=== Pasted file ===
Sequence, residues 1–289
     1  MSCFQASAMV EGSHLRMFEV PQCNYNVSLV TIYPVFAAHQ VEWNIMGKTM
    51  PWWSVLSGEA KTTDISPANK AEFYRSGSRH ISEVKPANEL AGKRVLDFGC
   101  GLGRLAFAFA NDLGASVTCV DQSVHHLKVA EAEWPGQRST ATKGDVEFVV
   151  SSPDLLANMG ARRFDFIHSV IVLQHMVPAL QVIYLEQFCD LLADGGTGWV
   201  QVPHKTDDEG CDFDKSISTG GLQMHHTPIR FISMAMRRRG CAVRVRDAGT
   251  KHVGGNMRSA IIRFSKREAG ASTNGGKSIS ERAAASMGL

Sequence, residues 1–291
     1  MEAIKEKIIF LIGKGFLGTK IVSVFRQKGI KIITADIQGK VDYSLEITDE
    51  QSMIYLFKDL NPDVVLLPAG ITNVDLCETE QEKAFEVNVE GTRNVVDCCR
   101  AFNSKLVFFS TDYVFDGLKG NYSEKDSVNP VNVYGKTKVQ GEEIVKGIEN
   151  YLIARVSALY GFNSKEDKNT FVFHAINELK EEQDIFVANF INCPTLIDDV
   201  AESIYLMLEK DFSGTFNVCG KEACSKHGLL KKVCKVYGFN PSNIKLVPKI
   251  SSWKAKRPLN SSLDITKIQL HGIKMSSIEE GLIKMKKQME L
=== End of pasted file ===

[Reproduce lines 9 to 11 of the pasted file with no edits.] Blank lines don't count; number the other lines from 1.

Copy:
     1  MEAIKEKIIF LIGKGFLGTK IVSVFRQKGI KIITADIQGK VDYSLEITDE
    51  QSMIYLFKDL NPDVVLLPAG ITNVDLCETE QEKAFEVNVE GTRNVVDCCR
   101  AFNSKLVFFS TDYVFDGLKG NYSEKDSVNP VNVYGKTKVQ GEEIVKGIEN